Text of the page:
In June, the amount of time rail-destined cargo lingered at the ports of Los Angeles and Long Beach was among the highest recorded by the Pacific Merchant Shipping Association, according to new data released Monday, July 18.
Last month, the average time containers stayed at terminals before leaving on rail was 13.3 days, two days longer than the 11.3 day average recorded in May and the highest average dwell time observed since January 2021 when PMSA started regularly tracking dwell times in San Pedro Bay.
Imports leaving by truck in June were also up from the previous month. Last month, imports stayed at terminals an average of 5.5 days, a slight uptick from the May average of 5.3 days,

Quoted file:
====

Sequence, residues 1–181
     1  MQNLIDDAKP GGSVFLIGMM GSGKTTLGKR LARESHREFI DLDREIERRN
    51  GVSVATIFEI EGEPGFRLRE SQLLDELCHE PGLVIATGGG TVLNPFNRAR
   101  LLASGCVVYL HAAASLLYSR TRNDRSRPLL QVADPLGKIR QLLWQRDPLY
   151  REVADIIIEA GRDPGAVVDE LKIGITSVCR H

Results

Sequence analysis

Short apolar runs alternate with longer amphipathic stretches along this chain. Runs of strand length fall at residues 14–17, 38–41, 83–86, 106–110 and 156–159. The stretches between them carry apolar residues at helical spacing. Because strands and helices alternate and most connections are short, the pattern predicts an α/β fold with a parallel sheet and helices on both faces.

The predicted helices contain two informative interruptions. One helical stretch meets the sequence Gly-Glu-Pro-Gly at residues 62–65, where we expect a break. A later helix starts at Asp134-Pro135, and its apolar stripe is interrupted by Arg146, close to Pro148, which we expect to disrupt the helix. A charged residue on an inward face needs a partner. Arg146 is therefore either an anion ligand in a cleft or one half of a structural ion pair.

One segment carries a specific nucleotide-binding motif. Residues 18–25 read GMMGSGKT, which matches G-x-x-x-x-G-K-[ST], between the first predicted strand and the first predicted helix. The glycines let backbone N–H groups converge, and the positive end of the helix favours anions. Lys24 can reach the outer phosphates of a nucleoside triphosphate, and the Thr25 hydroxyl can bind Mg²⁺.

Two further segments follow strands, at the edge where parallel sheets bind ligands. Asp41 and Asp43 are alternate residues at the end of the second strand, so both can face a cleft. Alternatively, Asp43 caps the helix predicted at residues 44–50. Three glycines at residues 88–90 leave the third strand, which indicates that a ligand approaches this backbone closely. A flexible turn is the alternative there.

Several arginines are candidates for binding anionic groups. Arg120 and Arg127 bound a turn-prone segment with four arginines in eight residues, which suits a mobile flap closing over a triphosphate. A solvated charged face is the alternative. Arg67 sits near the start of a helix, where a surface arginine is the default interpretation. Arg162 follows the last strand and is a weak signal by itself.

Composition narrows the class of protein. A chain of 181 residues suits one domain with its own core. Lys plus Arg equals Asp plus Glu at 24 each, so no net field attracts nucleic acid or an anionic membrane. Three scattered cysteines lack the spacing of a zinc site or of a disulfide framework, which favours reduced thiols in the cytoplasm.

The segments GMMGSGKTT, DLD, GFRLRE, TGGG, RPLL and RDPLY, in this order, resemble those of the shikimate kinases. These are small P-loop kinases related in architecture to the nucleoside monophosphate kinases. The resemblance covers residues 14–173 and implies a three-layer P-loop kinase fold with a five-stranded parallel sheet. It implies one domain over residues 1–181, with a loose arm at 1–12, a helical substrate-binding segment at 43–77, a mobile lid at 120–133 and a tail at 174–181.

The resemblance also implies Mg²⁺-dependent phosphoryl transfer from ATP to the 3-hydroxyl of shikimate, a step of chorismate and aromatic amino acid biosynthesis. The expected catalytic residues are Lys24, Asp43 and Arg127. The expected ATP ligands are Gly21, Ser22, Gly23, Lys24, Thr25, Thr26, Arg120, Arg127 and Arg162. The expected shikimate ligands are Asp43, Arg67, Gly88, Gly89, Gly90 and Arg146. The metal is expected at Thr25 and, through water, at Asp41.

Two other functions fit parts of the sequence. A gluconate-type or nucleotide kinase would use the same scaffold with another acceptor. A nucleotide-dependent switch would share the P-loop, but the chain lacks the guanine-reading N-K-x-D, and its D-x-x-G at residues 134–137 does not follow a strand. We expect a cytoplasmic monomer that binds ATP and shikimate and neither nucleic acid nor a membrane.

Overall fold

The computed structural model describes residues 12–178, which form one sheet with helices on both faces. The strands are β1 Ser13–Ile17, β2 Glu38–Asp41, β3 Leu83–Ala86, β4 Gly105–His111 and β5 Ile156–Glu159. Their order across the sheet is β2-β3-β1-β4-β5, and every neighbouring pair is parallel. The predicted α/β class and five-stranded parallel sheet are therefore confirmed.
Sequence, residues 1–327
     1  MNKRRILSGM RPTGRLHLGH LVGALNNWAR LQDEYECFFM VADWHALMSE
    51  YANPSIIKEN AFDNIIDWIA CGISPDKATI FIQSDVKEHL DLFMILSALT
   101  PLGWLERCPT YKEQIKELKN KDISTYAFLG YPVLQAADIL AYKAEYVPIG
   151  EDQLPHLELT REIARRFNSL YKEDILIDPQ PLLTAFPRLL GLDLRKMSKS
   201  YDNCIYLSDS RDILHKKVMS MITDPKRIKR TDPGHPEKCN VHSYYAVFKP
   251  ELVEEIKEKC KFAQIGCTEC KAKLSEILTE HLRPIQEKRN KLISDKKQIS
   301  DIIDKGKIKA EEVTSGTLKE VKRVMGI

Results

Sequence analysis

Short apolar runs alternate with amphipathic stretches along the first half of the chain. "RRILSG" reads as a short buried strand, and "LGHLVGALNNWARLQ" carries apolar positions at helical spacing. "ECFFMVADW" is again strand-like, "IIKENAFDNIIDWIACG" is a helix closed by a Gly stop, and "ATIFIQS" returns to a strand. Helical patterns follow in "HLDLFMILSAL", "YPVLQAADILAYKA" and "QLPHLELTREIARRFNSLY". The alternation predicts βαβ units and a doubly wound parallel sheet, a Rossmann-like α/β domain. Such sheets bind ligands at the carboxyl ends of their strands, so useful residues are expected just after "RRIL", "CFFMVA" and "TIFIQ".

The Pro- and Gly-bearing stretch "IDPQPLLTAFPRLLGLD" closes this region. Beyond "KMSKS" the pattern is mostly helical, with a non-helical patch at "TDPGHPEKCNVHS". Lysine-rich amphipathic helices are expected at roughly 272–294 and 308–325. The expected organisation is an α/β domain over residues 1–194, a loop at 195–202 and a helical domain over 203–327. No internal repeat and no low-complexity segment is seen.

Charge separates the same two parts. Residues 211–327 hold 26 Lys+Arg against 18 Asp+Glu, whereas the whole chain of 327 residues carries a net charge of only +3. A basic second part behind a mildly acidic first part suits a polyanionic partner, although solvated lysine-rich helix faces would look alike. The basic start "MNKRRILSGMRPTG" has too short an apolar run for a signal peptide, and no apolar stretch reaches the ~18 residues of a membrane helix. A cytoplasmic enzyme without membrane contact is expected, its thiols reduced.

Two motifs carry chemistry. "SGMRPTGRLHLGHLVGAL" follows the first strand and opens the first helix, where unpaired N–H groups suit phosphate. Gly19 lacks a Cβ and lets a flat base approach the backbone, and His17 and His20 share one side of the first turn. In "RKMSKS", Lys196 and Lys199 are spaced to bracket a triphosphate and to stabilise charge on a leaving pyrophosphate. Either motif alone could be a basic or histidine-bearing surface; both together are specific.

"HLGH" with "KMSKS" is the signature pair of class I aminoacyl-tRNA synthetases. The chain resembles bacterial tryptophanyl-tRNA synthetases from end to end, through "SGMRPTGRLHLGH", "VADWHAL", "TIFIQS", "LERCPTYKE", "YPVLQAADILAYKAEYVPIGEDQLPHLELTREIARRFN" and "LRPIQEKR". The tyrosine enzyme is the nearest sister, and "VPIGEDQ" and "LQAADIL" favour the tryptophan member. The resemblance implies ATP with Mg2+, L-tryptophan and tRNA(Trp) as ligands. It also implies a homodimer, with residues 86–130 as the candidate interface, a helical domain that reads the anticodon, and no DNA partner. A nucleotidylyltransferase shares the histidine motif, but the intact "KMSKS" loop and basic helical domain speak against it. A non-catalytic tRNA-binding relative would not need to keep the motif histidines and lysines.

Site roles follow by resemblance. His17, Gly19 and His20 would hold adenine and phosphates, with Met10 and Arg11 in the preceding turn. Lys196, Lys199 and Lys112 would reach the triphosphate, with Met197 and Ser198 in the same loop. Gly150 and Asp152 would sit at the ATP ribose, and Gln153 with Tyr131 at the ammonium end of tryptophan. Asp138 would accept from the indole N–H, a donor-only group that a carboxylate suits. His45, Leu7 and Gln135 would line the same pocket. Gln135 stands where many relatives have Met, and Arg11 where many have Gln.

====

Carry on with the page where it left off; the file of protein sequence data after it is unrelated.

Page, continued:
Long dwelling rail cargo on marine terminals negatively impacts terminal capacity and can slow vessel discharge and loading operations, PMSA Manager of Government Affairs Jessica Alvarenga said.
“Terminals were not designed and should not be used as storage facilities to store containers for long periods of time; they should function as transit points,” she said. “The current problem with long dwelling rail cargo is symptomatic of broader supply chain problems. We hope this isn’t a reflection of what the holiday peak season has in store for our terminal operators.”